[nSLUG] KDE 3.x on Squeeze - Trinity anyone?
draker at gmail.com
Thu Feb 17 03:40:10 AST 2011
I'm like Ted: I have ~55 firefox tabs open right now. But I've got
them spread between only two actual windows. I would think nothing of
opening another couple of dozen tabs -- this is typical. When I'm
ebaying, I may middle-click tab-open many links before I check them
out. I've also got only 2GB of RAM. (slack64-13.0 core2duo)
My PC at work struggles with probably close to 100 tabs. I discovered
a bug -- I'm not sure if it's in firefox or gnome, but when the tab
list menu is longer than the screen, it scrolls. Sometimes, even when
I can make it scroll down, something keeps resetting it to the top, so
I can't click on any tab past the bottom of the screen. And sometimes
moving the firefox window around a little bit will avoid the
scroll-reset problem, but more likely I give up. So instead I often
click the first tab, then press Ctrl-Shift-Tab to cycle around to the
end of the list. Crazy, I know.
I like tabs because I don't like having a huge number of windows in my
window list. But otherwise, I work with virtual desktops (as they're
called in fvwm). This desktop is email and browsing, that one is
coding, this one is work email, etc.
I can't STAND being forced to use Ctrl-Alt-left/right to switch
virtual desktops in gnome. I think the pager apps in gnome and almost
all other common desktops are almost completely useless. In fvwm (my
home desktop), the pager shows you miniature windows in it. The active
one is highlighted. Hover over any window and its title appears in a
tooltip. You can middle-click and drag the miniature windows from one
desktop to another, in the pager -- without ever seeing the actual
window! Or you can drag a window out of the pager and into the current
desktop. You can middle-click on a window to cause it to receive
keyboard focus -- even if that window is on another desktop! Of course
you can left-click to switch desktops, but you can also right-click to
place the 'viewport' at any arbitrary position, perhaps straddled over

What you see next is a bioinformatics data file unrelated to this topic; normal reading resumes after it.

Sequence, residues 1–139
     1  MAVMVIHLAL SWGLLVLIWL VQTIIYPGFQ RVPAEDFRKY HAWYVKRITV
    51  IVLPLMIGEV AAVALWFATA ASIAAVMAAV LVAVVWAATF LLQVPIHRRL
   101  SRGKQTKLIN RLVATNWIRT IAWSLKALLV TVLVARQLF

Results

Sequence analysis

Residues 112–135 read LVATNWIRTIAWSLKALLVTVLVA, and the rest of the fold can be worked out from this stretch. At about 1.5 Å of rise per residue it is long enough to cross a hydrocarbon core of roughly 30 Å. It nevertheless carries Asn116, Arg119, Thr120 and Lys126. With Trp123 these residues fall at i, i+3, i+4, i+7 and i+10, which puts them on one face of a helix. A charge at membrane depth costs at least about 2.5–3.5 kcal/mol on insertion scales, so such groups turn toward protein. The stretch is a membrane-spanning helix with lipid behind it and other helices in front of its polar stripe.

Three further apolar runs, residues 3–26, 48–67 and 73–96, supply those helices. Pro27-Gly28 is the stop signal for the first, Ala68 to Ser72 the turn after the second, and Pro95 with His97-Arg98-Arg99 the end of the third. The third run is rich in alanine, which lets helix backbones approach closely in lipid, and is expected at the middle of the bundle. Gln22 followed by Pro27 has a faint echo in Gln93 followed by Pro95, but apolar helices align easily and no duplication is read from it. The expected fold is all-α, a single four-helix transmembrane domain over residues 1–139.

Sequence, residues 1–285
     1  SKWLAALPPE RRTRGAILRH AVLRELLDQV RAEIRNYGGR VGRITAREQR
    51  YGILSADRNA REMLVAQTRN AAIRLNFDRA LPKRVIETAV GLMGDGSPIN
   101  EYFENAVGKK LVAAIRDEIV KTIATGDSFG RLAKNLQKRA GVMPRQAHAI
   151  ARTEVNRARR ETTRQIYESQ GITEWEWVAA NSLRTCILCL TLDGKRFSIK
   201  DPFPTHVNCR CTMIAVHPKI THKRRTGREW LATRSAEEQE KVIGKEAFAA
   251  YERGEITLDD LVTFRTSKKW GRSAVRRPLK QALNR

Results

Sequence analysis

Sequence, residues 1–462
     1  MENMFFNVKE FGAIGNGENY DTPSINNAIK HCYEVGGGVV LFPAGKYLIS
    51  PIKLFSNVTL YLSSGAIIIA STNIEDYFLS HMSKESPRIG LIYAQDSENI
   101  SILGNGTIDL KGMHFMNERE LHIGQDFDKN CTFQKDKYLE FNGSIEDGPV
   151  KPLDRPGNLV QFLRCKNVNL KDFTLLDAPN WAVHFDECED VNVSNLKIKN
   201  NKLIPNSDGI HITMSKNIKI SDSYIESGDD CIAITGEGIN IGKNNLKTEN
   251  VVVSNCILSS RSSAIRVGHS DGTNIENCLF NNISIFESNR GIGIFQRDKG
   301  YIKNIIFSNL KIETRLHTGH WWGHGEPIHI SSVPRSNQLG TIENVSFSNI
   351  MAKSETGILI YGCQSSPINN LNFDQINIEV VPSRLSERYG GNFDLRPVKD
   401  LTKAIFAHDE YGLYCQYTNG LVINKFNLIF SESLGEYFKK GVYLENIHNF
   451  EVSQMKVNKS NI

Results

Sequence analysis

I can flip desktops with the keyboard (I use Ctrl-left/up/right/down)
or with the mouse. The percent movement can be configured; some months
ago I changed from my default for the mouse from 100% (complete page
flip) to 5%. So I get an enormous virtual desktop that side-scrolls
when I move the mouse past the edge. I haven't quite decided whether
to keep it yet or not.
I tried out KDE 4 when I installed a system with it for a friend. At
first I found it completely frustrating. I quickly searched for and
implemented the pseudo-compatibility "cheat", once again allowing
icons to be placed on the desktop. After quite a bit of reading I
finally felt that I grokked the concepts the new interface is designed
around, and appreciated the attempt they have made. For all the people
who complain: "Why doesn't the Linux crowd ever *innovate*, instead of
just copying Windows and Mac?" -- KDE 4 is a good attempt.
Unfortunately it is difficult for the ordinary person to get what
they're trying to do (case in point: I no longer remember the concepts
I claim to have understood!)
I've never been a fan of KDE (we let you configure everything that
doesn't matter!) or Gnome (we configure everything for you. Sit still,
this won't hurt a bit...) What do you mean, I can't move a window UP
past the menu bar?! <sigh> (Yes, I know they've improved).
So some years ago I decided to create my ideal environment in fvwm,